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Research article - Peer-reviewed, 2022

Time-dependent climate impact of beef production - can carbon sequestration in soil offset enteric methane emissions?

Hammar, Torun; Hansson, Per-Anders; Roos, Elin


The time-dependent climate impact of beef production, including changes in soil organic carbon, was examined in this study. A hypothetical suckler cow system located in south-east Sweden was analysed using a time dependent life cycle assessment method in which yearly fluxes of greenhouse gases were considered and the climate impact in terms of temperature response over time was calculated. The climate impact expressed as carbon dioxide equivalents, i.e. global warming potential in a 100-year time perspective, was also calculated. The Introductory Carbon Balance Model was used for modelling yearly soil organic carbon changes from land use. The results showed an average carbon sequestration rate of 0.2 Mg C ha(-1) and yr(-1), so carbon sequestration could potentially counteract 15-22% of emissions arising from beef production (enteric fermentation, feed production and manure management), depending on system boundaries and production intensity. The temperature response, which showed a high initial increase due to methane emissions from enteric fermentation, started to level off after around 50 years due to the short atmospheric lifetime of methane. However, sustained production and associated methane emissions would maintain the temperature response and contribute to climate damage. A forage-grain beef system resulted in a lower climate impact than a forage-only beef system (due to higher slaughter age), even though more carbon was sequestered in the forage-only system.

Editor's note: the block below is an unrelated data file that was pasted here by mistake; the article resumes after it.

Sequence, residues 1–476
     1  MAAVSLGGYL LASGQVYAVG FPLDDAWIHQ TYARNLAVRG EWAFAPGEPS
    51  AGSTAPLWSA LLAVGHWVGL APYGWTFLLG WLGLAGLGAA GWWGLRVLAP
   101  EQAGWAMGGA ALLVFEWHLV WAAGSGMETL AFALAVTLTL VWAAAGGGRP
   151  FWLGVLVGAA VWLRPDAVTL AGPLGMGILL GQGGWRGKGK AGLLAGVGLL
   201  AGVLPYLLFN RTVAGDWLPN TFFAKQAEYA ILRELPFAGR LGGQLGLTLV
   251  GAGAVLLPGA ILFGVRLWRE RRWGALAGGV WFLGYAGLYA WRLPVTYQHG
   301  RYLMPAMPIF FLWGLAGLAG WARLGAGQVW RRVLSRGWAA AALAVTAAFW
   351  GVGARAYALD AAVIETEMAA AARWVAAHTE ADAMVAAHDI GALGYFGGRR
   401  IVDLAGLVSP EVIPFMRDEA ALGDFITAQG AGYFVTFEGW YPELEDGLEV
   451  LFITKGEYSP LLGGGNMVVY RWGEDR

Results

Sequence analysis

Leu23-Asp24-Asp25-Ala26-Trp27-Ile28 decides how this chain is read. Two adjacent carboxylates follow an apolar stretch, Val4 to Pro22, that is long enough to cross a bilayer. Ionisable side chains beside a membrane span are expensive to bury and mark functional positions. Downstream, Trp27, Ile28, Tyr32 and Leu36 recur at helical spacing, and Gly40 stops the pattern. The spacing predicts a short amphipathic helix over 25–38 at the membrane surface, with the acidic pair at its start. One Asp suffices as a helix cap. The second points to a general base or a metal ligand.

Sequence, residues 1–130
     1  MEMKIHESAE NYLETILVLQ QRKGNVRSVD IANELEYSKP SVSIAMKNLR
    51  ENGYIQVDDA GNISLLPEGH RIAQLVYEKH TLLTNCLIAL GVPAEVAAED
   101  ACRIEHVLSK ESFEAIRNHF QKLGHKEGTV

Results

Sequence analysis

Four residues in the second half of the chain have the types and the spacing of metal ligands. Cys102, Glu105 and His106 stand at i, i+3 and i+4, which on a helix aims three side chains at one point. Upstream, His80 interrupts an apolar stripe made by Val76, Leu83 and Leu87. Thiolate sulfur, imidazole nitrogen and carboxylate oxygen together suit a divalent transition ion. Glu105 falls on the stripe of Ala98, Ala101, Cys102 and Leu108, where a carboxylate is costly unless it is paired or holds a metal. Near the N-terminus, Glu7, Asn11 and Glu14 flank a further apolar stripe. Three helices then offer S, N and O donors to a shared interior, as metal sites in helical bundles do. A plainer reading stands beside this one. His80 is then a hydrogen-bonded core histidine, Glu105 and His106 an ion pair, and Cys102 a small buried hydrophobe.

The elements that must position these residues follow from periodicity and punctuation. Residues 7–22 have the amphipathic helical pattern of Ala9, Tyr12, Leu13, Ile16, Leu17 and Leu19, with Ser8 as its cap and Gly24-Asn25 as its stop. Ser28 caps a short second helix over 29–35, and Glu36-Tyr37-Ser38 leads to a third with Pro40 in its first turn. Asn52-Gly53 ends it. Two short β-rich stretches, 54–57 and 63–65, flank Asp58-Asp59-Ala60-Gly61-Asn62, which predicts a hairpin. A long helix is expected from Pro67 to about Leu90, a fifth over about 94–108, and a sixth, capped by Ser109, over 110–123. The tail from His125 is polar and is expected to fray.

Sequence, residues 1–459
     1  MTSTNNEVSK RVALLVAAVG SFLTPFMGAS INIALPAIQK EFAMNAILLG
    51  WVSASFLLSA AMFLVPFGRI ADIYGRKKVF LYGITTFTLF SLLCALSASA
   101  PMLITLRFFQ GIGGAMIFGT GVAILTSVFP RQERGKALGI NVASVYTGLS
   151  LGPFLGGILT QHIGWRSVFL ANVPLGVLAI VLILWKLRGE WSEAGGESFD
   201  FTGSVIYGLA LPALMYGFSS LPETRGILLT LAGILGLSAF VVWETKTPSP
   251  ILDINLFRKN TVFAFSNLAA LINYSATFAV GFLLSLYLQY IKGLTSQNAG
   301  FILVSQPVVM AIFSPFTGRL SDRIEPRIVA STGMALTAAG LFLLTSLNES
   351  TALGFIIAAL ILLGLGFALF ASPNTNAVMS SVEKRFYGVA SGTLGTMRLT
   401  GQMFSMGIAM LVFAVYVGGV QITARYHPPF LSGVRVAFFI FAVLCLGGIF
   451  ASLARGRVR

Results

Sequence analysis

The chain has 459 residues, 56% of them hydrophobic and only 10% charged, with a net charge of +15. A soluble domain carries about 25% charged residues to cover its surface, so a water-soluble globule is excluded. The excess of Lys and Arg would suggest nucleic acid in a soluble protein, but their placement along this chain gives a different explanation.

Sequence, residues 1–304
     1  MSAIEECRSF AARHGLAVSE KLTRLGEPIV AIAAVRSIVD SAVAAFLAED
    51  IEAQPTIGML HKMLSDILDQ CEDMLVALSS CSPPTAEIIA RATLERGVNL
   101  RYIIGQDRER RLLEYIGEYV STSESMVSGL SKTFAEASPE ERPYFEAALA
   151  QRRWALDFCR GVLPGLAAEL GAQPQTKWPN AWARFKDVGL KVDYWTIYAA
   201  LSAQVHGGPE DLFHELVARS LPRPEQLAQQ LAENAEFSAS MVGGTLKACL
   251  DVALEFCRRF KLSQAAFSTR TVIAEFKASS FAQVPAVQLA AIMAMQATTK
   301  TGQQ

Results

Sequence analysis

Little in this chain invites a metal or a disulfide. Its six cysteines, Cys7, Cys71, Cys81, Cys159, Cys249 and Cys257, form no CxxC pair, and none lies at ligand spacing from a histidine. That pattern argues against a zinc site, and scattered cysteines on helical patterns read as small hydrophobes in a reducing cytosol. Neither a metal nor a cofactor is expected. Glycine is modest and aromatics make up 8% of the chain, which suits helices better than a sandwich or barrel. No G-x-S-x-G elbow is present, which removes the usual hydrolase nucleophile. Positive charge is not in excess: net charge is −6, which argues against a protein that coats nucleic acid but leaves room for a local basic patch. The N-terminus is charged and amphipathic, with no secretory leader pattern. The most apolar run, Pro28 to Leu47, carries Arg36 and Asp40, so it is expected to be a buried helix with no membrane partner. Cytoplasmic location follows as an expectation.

Life cycle assessment (LCA); Land use; Grazing; Introductory carbon balance model (ICBM); Carbon sequestration; Meat

Published in

Journal of Cleaner Production
2022, Volume: 331, article number: 129948